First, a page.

Exhibition dates: September 18, 2008 - January 04, 2009
Release date: March 26, 2008
Olivo Barbieri, site specific_LAS VEGAS 05, 2005; Courtesy of the artist and Yancey Richardson Gallery
From September 18, 2008 to January 4, 2009, the San Francisco Museum of Modern Art (SFMOMA) will present Double Down: Two Visions of Vegas. The exhibition offers a concise portrait of America's most spectacular fantasy environment—and fastest growing city—by juxtaposing two recent video works: Olivo Barbieri's site specific_LAS VEGAS 05 (2005, 13 min.) and Stephen Dean's No More Bets (2004, 7 min.) The two works will be shown in sequence on facing walls.
Las Vegas has reinvented itself many times—from desert outpost to Sin City, from family fun center to mega-resort—yet has managed through all of these incarnations to retain its uniquely ambivalent status in our cultural imagination. Part utopia and part dystopia, part dream and part nightmare, Las Vegas captures in its very structure the heady mix of optimism, gumption and foolhardiness that is uniquely American.
Barbieri films Las Vegas from a helicopter using a tilt-focus lens that renders objects out of scale and transforms the city's landmarks into toy-like simulacra. Emphasizing the city's isolation as well as its antipathy for empty spaces and blank surfaces, Barbieri's camera travels along the desert outskirts of the city before arriving at its nerve center, the Las Vegas Strip. The Hoover Dam, The Luxor Hotel, the skyscrapers of New York-New York Hotel: these monuments are shown as uncertain doubles of the icons we know them to be.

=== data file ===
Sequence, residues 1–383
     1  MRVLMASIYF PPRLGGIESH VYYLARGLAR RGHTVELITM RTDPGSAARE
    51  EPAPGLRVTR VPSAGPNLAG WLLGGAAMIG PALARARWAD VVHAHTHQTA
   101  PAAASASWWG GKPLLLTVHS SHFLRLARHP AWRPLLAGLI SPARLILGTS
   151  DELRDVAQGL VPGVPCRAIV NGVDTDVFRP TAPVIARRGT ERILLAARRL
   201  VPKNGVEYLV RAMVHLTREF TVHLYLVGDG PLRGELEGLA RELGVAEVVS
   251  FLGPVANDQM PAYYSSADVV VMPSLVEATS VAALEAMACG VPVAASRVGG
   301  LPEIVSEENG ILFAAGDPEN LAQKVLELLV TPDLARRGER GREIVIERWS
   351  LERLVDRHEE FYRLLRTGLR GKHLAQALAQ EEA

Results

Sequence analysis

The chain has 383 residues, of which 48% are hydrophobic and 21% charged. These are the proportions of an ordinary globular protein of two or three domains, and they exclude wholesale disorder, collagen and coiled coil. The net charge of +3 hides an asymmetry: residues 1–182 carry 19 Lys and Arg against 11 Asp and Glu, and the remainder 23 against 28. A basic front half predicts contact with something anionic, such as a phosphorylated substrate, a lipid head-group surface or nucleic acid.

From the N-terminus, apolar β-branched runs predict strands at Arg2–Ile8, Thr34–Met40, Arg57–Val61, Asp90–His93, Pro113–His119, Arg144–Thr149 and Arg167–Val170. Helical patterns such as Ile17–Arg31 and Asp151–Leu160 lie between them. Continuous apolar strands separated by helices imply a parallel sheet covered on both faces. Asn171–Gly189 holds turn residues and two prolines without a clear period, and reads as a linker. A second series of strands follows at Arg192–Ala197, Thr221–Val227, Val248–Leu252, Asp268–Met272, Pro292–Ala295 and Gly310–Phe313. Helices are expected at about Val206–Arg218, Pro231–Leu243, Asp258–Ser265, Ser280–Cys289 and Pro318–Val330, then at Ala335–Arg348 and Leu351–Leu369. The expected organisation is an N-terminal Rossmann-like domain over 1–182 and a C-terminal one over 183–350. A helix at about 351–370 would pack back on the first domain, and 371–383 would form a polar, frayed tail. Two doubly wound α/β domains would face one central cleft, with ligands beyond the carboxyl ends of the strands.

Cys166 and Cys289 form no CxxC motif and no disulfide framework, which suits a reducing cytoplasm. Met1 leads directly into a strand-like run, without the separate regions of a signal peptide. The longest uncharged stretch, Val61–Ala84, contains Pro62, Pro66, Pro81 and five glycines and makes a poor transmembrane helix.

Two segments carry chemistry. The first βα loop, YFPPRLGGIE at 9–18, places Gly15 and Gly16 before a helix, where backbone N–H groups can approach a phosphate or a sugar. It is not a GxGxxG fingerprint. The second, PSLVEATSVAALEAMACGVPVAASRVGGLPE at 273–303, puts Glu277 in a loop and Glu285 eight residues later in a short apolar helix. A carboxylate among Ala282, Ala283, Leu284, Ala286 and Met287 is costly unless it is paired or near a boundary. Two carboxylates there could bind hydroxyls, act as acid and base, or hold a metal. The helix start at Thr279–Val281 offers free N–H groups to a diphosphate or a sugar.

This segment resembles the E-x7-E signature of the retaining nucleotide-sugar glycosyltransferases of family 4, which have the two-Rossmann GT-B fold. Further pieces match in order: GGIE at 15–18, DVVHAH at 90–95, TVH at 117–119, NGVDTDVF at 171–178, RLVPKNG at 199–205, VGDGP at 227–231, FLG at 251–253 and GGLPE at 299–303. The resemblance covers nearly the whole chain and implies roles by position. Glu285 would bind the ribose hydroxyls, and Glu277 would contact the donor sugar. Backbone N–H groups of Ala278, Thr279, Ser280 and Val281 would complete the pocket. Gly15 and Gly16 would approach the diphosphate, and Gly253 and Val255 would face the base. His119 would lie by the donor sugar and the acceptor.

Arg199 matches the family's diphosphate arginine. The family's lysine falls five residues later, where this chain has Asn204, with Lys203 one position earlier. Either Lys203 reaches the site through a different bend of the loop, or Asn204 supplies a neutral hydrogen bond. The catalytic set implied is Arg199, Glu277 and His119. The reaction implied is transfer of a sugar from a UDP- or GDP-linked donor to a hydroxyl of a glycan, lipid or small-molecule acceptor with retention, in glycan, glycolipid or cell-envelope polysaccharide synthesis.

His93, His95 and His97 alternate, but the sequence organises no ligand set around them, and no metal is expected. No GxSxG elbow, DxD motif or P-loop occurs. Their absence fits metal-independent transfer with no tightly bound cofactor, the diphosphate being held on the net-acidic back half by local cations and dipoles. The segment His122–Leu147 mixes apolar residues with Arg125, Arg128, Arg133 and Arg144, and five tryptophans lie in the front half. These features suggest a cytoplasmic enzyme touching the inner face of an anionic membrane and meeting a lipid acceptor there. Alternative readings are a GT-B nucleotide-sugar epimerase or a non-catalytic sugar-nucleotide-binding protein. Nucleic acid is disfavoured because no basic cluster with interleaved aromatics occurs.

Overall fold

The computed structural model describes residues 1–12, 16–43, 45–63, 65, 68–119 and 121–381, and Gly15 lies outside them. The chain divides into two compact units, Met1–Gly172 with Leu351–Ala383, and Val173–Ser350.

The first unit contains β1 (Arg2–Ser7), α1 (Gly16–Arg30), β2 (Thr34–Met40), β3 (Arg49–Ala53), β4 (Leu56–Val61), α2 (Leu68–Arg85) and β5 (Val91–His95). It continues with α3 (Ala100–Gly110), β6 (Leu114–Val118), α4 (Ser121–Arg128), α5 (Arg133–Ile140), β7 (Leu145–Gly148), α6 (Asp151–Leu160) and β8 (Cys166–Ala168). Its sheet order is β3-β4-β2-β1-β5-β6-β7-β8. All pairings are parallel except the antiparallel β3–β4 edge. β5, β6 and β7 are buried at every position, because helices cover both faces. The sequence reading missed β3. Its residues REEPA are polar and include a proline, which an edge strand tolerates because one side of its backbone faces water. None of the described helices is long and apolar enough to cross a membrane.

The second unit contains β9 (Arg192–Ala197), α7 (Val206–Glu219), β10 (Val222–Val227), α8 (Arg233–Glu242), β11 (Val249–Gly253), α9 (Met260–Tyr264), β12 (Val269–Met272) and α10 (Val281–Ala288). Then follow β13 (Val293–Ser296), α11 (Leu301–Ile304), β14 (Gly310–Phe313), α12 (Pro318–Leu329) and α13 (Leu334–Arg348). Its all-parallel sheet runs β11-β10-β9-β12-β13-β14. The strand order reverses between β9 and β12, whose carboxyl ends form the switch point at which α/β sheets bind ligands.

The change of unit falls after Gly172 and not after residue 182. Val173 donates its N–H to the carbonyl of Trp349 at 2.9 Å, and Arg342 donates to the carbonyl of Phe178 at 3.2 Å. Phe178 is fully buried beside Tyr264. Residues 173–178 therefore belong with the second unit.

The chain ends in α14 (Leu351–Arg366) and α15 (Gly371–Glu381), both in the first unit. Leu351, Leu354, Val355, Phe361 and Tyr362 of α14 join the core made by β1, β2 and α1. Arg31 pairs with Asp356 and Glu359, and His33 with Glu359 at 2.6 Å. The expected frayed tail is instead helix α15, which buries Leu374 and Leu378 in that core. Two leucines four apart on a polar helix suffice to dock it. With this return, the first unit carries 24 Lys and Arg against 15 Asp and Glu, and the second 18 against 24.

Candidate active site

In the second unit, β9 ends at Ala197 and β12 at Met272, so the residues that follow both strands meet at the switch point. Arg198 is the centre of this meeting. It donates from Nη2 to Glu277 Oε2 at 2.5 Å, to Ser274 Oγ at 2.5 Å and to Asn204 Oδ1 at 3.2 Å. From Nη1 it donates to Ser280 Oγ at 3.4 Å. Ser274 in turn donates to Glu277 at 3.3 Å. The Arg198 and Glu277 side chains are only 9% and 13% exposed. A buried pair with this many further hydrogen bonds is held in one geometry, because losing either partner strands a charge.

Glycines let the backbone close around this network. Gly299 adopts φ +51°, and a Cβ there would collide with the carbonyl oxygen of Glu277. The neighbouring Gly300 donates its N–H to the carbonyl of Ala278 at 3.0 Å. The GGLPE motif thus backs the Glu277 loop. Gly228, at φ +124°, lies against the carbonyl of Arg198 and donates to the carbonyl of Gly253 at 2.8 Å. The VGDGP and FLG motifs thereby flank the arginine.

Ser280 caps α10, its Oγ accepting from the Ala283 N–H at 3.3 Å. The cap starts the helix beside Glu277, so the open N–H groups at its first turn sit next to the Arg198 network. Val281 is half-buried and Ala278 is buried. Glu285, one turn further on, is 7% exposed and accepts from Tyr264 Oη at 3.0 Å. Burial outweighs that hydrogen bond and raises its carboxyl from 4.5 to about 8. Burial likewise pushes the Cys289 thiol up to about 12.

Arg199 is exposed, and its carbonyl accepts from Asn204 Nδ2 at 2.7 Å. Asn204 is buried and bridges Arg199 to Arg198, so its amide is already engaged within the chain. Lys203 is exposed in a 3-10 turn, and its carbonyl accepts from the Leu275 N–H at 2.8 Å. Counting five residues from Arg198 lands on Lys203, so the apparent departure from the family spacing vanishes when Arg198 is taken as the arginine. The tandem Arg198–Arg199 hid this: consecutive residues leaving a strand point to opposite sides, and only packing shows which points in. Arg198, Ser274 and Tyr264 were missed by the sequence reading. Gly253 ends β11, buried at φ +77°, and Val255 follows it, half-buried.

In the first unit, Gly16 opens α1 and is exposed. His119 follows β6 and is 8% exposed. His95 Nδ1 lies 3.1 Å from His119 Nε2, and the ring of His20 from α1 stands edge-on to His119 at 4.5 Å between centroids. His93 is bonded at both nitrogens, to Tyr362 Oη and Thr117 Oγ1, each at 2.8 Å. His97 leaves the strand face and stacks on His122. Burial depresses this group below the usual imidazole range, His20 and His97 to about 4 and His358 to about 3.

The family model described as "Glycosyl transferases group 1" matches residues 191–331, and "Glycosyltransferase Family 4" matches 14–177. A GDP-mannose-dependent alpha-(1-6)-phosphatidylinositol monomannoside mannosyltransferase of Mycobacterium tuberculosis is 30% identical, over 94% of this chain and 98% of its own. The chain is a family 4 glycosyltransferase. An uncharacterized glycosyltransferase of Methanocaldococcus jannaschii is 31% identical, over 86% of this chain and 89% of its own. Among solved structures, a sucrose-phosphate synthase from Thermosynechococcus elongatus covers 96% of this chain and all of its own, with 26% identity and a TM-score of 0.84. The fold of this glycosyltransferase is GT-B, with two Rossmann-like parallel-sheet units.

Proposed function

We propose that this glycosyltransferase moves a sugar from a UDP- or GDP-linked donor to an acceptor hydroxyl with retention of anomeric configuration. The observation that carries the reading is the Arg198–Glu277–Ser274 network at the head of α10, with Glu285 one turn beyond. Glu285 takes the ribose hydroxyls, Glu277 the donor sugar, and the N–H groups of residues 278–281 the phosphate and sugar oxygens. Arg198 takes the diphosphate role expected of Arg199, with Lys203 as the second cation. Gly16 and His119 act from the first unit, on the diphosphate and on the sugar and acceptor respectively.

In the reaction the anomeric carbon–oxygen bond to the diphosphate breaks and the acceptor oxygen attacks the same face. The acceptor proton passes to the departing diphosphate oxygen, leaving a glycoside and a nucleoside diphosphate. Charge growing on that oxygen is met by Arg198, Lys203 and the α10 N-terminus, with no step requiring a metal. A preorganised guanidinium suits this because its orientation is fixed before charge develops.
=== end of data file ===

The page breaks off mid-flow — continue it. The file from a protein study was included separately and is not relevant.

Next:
Barbieri (Italian, born 1954) is an artist and photographer of urban environments. He has been recognized internationally for his innovative use of tilt-shift lens photography, which allows him to simulate shallow depth-of-field from great distances. He has exhibited at the Venice Biennale (1993, 1995, 1997), among other international exhibitions, and in galleries and museums across Europe, North America, and China. In 1996, the Museum Folkwang in Essen, Germany, devoted a retrospective to his work. Barbieri has published several books, including Notsofareast (Rome, 2002), Virtual Truths (Milan, 2001), Artificial Illuminations (Washington, D.C., 1998), and Paesaggi ibridi (Milan, 1996). He lives and works in Milan.
Stephen Dean (French, born 1968) pursues structures and patterns of color, as well as moments of chromatic intensity, in the everyday world. With No More Bets he focuses on the signs, screens and surfaces of Las Vegas. Dean's film, a more intimate portrait of the city than Barbieri's epic vision, reveals astonishingly beautiful patterns and colors within the city's semiotic jumble, bringing us toward a level of abstraction usually occluded by the visual excess of Vegas. During a single moment of darkness mid-film, 4,000 watts of red light will flash in the dark gallery, engulfing the viewer within the image.
Dean, who lives in New York and Paris, works in painting, sculpture, assemblage and video, often taking an alchemical approach to working with everyday objects. Newspaper clippings, ladders, shirts, cots and other objects are transformed into abstract studies of color, challenging viewers to see pattern and structure in the world around us. In his films, especially, Dean explores moments of intense chromatic experience; he has documented the Hindu festival of Holi (Pulse, 2001, presented at the 2002 Whitney Biennial), the movement of hundreds of Brazilian soccer fans (Volta, 2003), and the colors of the Las Vegas Strip.
The exhibition will be accompanied by a presentation of 15 photographs from Lewis Baltz's 1978 photographic series Nevada. The black-and-white photographs depict abandoned buildings, new construction, and a vast, nearly infinite expanse of desert.
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